Despite the initial hope of the Coronavirus disease (COVID-19) being mostly defeated due to America’s vaccine campaign, the Delta Variant has changed the game, and COVID-19 has returned. With the status of COVID-19 appearing to be a long-term endemic rather than a public health crisis in its last days, U.S. medical supply chains have been stretched thin and proven vulnerable, specifically toward the nation's reliance on other countries for life-saving treatments and COVID-19 mitigation materials. Put simply, COVID-19's resurgence is a call for the United States to secure and onshore the medical supply chain. Doing so could create American jobs, secure unreliable medical supply chains and allow for states to better respond to surges of current and future variants.
With the correct policies set by the Administration and Congress, the United States can strive for the response to this pandemic and future pandemics while effectively securing America’s medicines and supply.
The U.S. government needs to create policies that make it possible for small, innovative pharmaceutical and medical supply companies to thrive – allowing U.S. companies to reach hospitals and patients. The Securing America’s Medicines and Supply (SAMS) coalition helps increase the resiliency of the domestic supply chain while also fostering cooperation with U.S. allies to "nearshore" pharmaceuticals and medical supplies.
Fortunately, the Biden-Harris Administration has identified solutions to the nation’s supply chain problems, with its 100-Day Supply Chain Review. Congress and relevant federal agencies must work quickly to enact these policies. The administration and Congress should continue to look for ways to encourage the development of key products within the United States through both novel policy provisions and the expansion of existing non-dilutive funding mechanisms.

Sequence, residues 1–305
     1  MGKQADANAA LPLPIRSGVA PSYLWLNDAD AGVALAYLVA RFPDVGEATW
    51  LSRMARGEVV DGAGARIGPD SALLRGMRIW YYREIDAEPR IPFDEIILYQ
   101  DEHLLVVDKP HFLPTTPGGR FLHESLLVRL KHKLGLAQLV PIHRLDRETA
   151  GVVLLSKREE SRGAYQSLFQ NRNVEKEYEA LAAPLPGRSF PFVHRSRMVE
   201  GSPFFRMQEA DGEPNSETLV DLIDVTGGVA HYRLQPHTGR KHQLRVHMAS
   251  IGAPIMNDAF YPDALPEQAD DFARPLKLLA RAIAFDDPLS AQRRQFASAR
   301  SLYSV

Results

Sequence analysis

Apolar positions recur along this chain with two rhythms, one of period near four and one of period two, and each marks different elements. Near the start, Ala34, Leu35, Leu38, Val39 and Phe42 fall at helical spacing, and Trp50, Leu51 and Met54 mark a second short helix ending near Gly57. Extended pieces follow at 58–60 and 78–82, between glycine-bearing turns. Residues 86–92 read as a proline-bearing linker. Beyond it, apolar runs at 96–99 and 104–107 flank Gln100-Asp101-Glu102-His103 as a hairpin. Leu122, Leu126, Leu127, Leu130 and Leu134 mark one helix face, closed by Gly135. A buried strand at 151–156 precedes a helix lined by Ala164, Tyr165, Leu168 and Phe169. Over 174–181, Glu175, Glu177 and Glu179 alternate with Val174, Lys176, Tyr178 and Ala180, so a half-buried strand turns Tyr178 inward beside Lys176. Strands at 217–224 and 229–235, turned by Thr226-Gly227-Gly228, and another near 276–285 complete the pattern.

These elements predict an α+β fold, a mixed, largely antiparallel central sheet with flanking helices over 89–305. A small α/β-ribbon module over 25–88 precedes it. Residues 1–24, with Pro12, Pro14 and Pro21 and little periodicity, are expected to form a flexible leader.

Previous policy encouraging manufacturing through research tax credits and other fiscal incentives are a meaningful start, but more is needed to reassure companies that there is long-term viability for them to return to or reinvest in U.S. operations. Why would the Veterans Administration be favoring foreign-sourced drugs during a worldwide pandemic when relevant authorities are struggling to inspect and ensure the quality of foreign manufactured drugs, biologics and biosimilars? Why would the Department of Defense? Why would Medicare? There is still more work to be done. The Biden-Harris Administration is seeking to increase sourcing and contracting of U.S.-made over foreign sources.
One agency through which the administration can accomplish its goals is the Biomedical Advanced Research and Development Authority (BARDA), which has been at the forefront of engaging private industry and the U.S. government to effectively respond to the COVID-19 pandemic. It can act as a central point of U.S. innovation that can feed the growing pipeline of American-made medical products, leading to more solutions. It is also the one of the most logical agencies to oversee the development of therapeutic research, development and commercialization efforts, an area of the government’s response that has been vastly underfunded. Congress must see to it that BARDA receives the funding appropriated to it under the American Rescue Plan and use its expertise to immediately invest in U.S.-based biotechnology companies developing COVID-19 therapies and complex biologics and biosimilars.
Ultimately, it comes down to policy decisions and commitment. If the current Administration and Congress enact favorable policy to bring currently unpredictable supply chains onshore to create jobs, the United States and U.S. allies can fully produce the best medicine and treatments in the world during the era of COVID-19 -- all while effectively securing our own medical supply. There's nothing more American than creating good-paying jobs, supporting American businesses and providing the best, timely medical care in the world.